The Tigers have played a week’s worth of games now, so we’ll use this small sample size to draw a bunch of overarching conclusions about the state of the ballclub, because that’s what sports punditry entails.
So here are some slapdash thoughts based on seven games of baseball….
1. Andrew Romine should be getting a majority of the playing time at shortstop.
This should not be taken as me saying “Andrew Romine is great!” He’s not, clearly. But neither is Alex Gonzalez. Gonzalez, the alleged defense-first shortstop that the Tigers parted with a Major League-caliber piece to acquire, has made a number of mistakes in the field and, aside from a flukey heroic show on Opening Day, contributes nothing with the bat. Romine is no better offensively, but he’s clearly a superior defensive shortstop with an excellent arm. It seems unlikely that the Tigers are going to sign Stephen Drew, at least at the moment, so if there’s going to be a black hole on offense either way, you might as well go with the better defender, and that’s Romine.
2. The Tigers have a major bullpen problem.
I was particularly critical of the Tigers’ handling of their bullpen situation this winter (Nathan for Benoit is essentially a straight swap, the jury’s out on replacing Jose Veras with Joba Chamberlain, and Ian Krol, while effective as a LOOGY, can’t do the same things Drew Smyly could). They left themselves no room for error in the event of injury or unexpected suck, and they’ve promptly been confronted with both. It should have raised some red flags when Bruce Rondon, who throws 100 and relies on a slider, missed the end of last season with a flexor strain. Sure enough, Rondon went down for the year during the spring and the Tigers had no obvious cover for the setup role they had hoped he’d fill. Phil Coke’s time should be just about up, as he remains unable to consistently retire lefties, which renders him effectively useless. Giving him a non-guaranteed deal and then bringing nobody in to compete with him for his bullpen spot is as frustrating as it is baffling. Chamberlain flashed quality late-inning stuff Tuesday night in Los Angeles, but he’s an enigma until he can do that consistently. Al Alburquerque remains Al Alburquerque, which can be good or bad, depending on which version shows up.
Few expected the biggest problem to be Joe Nathan, but here we are. Aside from a scoreless inning on Opening Day, he’s been consistently poor with an alarming number of walks and hits, culminating in another blown save Wednesday night after he entered with a three run lead. Nathan went on the radio yesterday and said he was battling a dead arm period right now, and if that’s all it is, I suspect he’ll straighten himself out sooner or later once it passes and be closer to the Nathan the Tigers were expecting when they signed him. For the moment, though, it’s hard to definitively say anyone in the bullpen is reliable. (I’d like to see what Luke Putkonen has to offer, but Brad Ausmus has apparently decided that he doesn’t exist.) Bullpen depth was a clear need going into the offseason and it was not adequately addressed, so the Tigers made their own bed here and now they’re having to sleep in it. They’re going to have to find at least another consistent relief option at some point, and it might end up leading to them having to trade another prospect for a reliever. It could have been prevented, but it wasn’t.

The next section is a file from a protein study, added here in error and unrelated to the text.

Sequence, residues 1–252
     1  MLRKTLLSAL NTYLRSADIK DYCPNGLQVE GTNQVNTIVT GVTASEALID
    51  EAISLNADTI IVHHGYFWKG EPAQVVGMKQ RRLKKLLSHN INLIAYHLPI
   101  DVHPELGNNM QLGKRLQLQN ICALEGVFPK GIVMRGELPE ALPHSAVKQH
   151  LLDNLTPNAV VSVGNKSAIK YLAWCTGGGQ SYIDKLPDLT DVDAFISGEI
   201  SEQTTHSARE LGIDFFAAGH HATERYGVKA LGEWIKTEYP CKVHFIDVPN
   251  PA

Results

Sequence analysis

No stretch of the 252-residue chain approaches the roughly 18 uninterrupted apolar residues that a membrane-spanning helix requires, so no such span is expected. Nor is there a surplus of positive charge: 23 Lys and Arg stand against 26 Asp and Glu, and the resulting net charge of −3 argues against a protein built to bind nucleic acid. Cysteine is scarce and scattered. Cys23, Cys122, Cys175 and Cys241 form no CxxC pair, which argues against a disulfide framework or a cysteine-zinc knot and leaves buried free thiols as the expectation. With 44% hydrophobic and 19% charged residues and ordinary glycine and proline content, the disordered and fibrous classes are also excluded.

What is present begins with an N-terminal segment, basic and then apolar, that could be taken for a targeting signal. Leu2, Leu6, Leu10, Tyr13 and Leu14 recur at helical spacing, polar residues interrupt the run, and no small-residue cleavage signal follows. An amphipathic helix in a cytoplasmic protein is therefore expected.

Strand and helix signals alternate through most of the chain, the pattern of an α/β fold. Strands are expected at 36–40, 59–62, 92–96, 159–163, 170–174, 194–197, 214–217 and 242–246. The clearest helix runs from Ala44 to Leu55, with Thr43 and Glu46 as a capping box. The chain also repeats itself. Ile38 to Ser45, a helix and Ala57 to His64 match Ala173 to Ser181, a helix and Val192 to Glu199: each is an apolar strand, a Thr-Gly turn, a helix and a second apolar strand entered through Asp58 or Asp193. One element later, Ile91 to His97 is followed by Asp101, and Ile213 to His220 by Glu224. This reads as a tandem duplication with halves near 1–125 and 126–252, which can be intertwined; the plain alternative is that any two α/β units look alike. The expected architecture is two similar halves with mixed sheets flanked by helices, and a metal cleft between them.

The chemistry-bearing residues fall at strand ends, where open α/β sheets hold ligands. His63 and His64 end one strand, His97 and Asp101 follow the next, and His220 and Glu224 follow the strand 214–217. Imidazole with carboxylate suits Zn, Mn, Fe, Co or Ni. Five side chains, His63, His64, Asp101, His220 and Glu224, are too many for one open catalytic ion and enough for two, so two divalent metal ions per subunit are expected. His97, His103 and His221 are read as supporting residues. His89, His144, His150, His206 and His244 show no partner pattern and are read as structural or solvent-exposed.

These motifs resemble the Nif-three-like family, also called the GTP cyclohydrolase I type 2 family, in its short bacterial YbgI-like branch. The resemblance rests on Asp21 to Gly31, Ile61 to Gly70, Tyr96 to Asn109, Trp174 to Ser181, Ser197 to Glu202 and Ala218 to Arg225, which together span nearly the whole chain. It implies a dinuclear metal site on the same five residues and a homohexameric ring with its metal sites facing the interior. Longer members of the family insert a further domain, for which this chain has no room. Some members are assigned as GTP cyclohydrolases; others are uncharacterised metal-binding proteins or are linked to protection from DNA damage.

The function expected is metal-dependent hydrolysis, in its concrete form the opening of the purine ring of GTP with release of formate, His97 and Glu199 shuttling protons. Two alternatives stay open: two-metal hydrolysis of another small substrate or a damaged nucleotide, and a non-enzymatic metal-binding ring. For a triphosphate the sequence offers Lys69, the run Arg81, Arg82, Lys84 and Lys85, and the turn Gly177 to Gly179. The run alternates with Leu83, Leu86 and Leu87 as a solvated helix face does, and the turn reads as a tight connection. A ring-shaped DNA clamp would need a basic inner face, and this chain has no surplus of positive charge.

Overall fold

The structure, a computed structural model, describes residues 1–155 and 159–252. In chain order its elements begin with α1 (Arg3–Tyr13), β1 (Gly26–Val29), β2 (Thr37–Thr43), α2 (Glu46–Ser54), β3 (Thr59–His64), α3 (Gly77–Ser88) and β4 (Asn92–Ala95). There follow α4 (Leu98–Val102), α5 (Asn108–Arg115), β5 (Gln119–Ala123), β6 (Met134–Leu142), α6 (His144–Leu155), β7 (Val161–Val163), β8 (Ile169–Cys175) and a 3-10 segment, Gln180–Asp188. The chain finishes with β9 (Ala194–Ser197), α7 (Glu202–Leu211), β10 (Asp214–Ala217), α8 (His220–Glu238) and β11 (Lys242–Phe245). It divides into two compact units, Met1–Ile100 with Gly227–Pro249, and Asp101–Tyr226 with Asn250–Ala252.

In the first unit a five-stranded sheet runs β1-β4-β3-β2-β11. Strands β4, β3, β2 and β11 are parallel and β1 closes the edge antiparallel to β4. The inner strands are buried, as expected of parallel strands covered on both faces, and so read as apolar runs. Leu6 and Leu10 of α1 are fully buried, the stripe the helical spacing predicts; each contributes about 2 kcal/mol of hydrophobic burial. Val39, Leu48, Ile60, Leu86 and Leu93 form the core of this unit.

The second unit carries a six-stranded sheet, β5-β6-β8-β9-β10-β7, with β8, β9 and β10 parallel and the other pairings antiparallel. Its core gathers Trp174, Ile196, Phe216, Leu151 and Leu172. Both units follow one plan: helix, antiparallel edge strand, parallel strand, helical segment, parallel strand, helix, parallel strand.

3. The Tigers need to find a left-hand hitting left field solution to keep Rajai Davis from playing every day.
Rajai Davis has been one of the regular punching bags for Tigers fans thus far, and I’d argue it’s not really his fault. Of course he’s not an everyday player. I know it, you know it, and I suspect the Tigers know it. They signed him to be a platoon player against lefties, and if that’s all he was, he’d be a nice, useful asset who could probably be a one win player for two years, earn his contract, and be off. Andy Dirks’s injury has forced Davis into everyday duty and he’s woefully miscast in that role. Tyler Collins fits in terms of handedness, but he’s looked woefully overmatched against Major League pitching. I’d still play him against righties for a while to see if he can have any success, and if not, Don Kelly is genuinely a better option against right-handed pitching than Rajai Davis is. Hurry back, Andy Dirks. We miss you.
4. Maybe this is Austin Jackson’s breakout season.
The first three were on the negative side, so let’s get to the happy stuff. Austin doesn’t have to try and be a prototypical leadoff hitter anymore, which I think helps. The usual small sample size caveats apply, but he’s been hitting ropes so far, his strikeout rate is down a tick, he’s slugging over .600, and he looks much more dangerous. He’s just entering his physical prime, too. Some of the pressure is off him now, and maybe this will be the year he fulfills his offensive potential. (Still doesn’t dive, though.)
5. This team is still really, really good.
The makeover of the Tigers may have lowered some expectations, but the 5-2 record is definitely encouraging, especially for all the problems the bullpen has given them. Ian Kinsler looks an inspired addition, Jackson is hitting, Torii Hunter looked good before his ill-fated wall dive, and Miguel Cabrera hasn’t even really gone into beast mode yet. Nick Castellanos looks like he could be as good as advertised, the rotation hasn’t lost a step, Anibal Sanchez hasn’t hit HIS stride yet, and Rick Porcello and Drew Smyly have looked good in limited duty. If they can get the bullpen straightened out, they’ll win their fair share of games – and probably silence many of the doubters that popped up after their offseason moves.